The Streets’ Mike Skinner’s favourite songs of all time
Mike Skinner is an institution of British music. Ever since The Streets landed in public consciousness back in 2002 when Skinner turned heads all over the country with the zeitgeisty, Original Pirate Material, this album would mark a new dawn for music. Skinner had brought something new to the table and reaped the rewards of being an uber-relatable figure who had a prodigal way with words.
His sophomore album, A Grand Don’t Come For Free, saw Skinner lay out his songwriting credentials even further when his rap opera solidified his genius status. Skinner returned to discuss his own life on The Hardest Way To Make A Living, a project that sees him balance the trials and tribulations from being a star with a burgeoning penchant for drugs and women. He later followed this up with Everything Is Borrowed, a more emotive project which sees The Streets man searching from within after becoming a father and, tragically, losing his own.
In 2011, Skinner waved goodbye to The Streets with their fifth and final album Computers and Blues. His life had changed, he now was no longer this ‘Jack The Lad’ in his early 20s, and he put The Streets moniker to bed. The next few years would see him link up with The Music’s Rob Harvey to form The D.O.T. before retiring the new band after two albums and focusing on life as a DJ Before eventually reuniting The Streets in 2017 and falling back in love with the project.
However, in this interim period during The Streets’ retirement when DJing was Skinner’s life, and this is clear in the feature he did with The Guardian in 2015 about his favourite tracks. His selections were extremely dance-orientated, and it provides an up-close glimpse to where Skinner’s head was during this period when reuniting The Streets was the last thing on his mind.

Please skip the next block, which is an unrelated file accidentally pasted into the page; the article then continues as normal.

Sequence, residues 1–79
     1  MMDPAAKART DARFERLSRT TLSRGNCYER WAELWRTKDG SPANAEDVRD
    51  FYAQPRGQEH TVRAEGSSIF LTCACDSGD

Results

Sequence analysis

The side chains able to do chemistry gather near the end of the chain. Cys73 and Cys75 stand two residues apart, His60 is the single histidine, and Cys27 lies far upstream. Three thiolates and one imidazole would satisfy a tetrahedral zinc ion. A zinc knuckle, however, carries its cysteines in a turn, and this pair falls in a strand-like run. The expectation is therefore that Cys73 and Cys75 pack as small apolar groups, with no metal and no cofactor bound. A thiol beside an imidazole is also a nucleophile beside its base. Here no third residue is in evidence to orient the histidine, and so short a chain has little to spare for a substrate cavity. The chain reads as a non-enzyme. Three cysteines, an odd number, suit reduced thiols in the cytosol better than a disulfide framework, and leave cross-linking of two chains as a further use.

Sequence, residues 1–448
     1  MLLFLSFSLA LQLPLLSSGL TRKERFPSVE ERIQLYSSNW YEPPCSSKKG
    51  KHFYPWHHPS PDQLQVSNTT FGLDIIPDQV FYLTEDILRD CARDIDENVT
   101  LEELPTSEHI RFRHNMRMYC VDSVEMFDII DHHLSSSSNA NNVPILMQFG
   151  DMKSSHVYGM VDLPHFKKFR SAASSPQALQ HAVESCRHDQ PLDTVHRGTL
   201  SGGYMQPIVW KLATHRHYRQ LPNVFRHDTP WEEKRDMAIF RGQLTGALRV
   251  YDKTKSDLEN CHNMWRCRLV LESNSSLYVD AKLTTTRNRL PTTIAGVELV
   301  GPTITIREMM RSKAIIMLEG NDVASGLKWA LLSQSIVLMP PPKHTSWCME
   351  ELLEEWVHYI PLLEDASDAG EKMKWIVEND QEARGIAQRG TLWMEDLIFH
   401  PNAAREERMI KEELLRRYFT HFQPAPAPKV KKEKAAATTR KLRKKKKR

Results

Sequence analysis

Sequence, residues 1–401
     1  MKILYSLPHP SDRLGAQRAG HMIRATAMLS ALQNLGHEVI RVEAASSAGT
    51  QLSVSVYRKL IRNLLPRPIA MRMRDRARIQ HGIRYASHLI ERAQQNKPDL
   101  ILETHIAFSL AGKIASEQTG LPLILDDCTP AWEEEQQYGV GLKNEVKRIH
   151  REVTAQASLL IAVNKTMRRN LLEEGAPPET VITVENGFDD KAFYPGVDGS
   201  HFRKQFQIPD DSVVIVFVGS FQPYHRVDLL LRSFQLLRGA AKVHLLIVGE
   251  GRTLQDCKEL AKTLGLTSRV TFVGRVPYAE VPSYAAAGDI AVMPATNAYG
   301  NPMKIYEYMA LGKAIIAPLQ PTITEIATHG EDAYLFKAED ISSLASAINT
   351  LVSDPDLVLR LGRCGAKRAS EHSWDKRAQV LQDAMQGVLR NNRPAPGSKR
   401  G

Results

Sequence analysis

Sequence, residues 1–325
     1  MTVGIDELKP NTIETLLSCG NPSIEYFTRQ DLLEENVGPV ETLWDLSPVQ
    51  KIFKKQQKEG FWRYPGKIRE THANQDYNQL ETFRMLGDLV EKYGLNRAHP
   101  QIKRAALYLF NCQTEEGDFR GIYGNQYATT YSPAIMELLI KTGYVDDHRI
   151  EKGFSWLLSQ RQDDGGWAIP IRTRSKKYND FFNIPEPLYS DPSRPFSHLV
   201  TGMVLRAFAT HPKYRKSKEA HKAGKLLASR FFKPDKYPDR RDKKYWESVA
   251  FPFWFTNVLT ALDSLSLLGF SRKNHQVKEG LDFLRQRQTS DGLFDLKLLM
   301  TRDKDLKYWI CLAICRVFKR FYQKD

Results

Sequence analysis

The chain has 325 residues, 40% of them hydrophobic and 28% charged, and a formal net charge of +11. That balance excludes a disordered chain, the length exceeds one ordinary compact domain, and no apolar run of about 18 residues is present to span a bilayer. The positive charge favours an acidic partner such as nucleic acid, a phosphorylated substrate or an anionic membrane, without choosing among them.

Even if reuniting The Streets wasn’t on his agenda, he labelled ‘Blinded By The Lights’ as the ideal festival track. Rather than boasting about the song’s greatness, he went off at a tangent about why festivals aren’t the best place to play, ranting: “Festivals are tough. Everyone staring at their lanyard mounted schedule decorated with photos of the Mercury-nominated and Annie Mac co-signed laptop jockeys. Glastonbury Tonga [Skinner’s club night] was amazing though. We played on the Thursday and there was nothing else to do.”
Skinner also claimed that his dance-track ‘Flag In The Water’ is the most slept-on song of the year and his reason is hilariously self-aware. “This is the bit where you plug your own tune, I read this column every week. To be fair, this tune always works when I play it. You know when your own tunes don’t work. You can see it. But this one makes me feel like I’ve still got it,” he said.
In a sombre moment, Skinner revealed that he wants the heart-wrenching hymn, ‘Before The Ending Of The Day’, to be played at his funeral. “I don’t get people who choose ironic disco re-edits for their funeral,” Skinner furiously stated. “I think they should all be forced to listen to ecclesiastical organs as their family sing-along in that weird way where they don’t know whether to sing too high or too low. From the moment I die till I am incinerated, I want to hear hymns – and only just above the audible noise floor of desolation.”
Skinner then opened up about the biggest mistake he made in his career which wasn’t signing Kano’s track ‘P’s and Q’s’ to his now-defunct record label, The Beats. “I would have messed up Kano’s career, and he did sign with the best label in the country,” Skinner honestly admits. “But that doesn’t stop me wondering how much better life would have been with him.”
He also had his say on the ultimate dancefloor filler, Double 99’s ‘R.I.P. Groove’. He explained: “Streets tunes always get a reaction because some people think they are at a Streets gig and don’t like slow jams. But in reality this is my biggest rescue weapon.”